Beer-Spoiling Yeasts: Genomics, Detection, and Control
Chris D. Powell and Daniel W.M. Kerruish
from: Brewing Microbiology: Current Research, Omics and Microbial Ecology (Edited by: Nicholas A. Bokulich and Charles W. Bamforth). Caister Academic Press, U.K. (2017) Pages: 289-328.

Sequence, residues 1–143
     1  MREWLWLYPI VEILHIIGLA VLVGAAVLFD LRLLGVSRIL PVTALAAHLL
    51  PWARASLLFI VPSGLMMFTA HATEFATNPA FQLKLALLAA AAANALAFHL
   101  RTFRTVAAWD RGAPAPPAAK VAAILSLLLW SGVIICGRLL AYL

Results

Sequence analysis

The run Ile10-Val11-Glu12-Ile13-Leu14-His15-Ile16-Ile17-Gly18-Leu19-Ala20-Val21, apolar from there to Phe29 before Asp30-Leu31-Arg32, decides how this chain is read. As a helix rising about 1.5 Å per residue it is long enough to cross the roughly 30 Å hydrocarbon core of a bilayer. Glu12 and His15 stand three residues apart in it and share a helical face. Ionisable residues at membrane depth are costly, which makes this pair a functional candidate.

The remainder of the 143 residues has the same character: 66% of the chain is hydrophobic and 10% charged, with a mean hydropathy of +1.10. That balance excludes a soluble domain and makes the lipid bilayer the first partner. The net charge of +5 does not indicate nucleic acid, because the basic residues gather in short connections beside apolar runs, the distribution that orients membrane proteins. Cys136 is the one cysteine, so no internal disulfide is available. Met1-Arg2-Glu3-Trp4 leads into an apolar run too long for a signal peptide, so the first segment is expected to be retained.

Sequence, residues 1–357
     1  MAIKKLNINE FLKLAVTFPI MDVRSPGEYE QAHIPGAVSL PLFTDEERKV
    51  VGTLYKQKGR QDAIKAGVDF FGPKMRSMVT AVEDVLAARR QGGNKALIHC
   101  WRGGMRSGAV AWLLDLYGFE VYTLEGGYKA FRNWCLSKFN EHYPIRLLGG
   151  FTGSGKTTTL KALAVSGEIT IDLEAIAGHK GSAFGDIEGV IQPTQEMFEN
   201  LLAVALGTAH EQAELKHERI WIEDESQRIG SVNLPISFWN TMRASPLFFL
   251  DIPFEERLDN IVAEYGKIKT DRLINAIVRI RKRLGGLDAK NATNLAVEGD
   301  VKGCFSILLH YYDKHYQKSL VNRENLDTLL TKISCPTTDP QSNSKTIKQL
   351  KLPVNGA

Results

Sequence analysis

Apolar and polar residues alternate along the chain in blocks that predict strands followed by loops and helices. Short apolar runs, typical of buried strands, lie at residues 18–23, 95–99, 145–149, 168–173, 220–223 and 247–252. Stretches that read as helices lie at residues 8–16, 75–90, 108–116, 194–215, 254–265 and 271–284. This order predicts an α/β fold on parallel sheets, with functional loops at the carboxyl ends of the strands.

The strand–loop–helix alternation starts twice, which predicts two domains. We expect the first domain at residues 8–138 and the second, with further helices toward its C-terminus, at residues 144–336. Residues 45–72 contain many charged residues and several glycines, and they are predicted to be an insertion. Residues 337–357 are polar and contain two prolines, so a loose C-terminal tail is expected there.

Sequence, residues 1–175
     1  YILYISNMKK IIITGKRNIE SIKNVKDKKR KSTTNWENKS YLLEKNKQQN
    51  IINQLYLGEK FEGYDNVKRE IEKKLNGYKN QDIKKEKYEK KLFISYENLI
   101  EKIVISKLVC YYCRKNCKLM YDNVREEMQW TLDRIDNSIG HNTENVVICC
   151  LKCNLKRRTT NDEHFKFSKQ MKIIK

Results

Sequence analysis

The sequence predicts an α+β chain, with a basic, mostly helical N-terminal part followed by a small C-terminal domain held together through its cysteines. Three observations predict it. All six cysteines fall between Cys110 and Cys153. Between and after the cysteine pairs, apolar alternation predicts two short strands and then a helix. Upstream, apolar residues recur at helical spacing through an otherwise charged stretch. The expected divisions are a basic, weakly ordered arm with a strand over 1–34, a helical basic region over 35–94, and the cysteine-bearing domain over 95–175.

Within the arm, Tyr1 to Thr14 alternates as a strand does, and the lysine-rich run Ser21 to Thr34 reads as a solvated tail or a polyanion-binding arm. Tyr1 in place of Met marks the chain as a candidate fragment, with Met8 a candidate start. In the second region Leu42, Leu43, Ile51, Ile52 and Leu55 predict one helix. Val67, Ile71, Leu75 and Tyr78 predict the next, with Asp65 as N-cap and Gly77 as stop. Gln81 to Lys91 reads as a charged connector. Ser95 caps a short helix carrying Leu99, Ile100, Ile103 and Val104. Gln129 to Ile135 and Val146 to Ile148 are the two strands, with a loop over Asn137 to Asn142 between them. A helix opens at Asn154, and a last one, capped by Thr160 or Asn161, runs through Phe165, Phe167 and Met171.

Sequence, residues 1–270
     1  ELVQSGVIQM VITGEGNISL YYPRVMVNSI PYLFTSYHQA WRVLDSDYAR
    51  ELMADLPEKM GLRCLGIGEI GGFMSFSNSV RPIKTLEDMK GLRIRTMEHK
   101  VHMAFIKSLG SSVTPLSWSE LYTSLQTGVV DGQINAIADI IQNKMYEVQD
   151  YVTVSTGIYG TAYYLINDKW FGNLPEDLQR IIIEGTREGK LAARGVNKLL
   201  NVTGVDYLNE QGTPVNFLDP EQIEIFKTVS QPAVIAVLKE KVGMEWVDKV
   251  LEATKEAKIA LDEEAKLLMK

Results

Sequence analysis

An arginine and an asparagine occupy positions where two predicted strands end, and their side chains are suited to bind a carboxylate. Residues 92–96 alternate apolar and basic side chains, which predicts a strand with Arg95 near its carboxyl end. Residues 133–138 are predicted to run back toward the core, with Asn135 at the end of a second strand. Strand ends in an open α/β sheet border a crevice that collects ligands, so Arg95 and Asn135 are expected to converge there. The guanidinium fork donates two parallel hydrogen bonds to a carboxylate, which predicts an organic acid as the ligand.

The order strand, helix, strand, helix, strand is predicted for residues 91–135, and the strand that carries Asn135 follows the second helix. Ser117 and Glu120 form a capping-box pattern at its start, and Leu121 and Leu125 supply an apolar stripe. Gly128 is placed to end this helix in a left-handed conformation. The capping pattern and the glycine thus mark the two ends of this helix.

Beer-spoiling yeasts comprise a diverse group of organisms that can have a variety of impacts on beer production. Invariably, contamination of wort or beer by these yeasts leads to inconsistencies within the process, and quality defects in packaged beer. Beer-spoiling yeasts can be broadly separated into non-fermentative (aerobic) and fermentative yeasts. The former typically exploit process steps associated with raw materials, and areas where oxygen ingress is difficult to prevent, such as unpasteurized cask beers or dispense. Fermentative yeasts are arguably more problematic due to their capacity to compete with production strains during fermentation. Major impacts include altered sugar utilisation, flocculation and ethanol production, as well as the formation of phenolic compounds, acidity, estery off-flavours, and haze or turbidity. These effects occur primarily due to differences in the genetic, metabolic and physiological characteristics of the spoilage yeast and the production strain. In this chapter, we describe the characteristics and functionality of beer-spoiling yeasts, as well as methods for their isolation and identification read more ...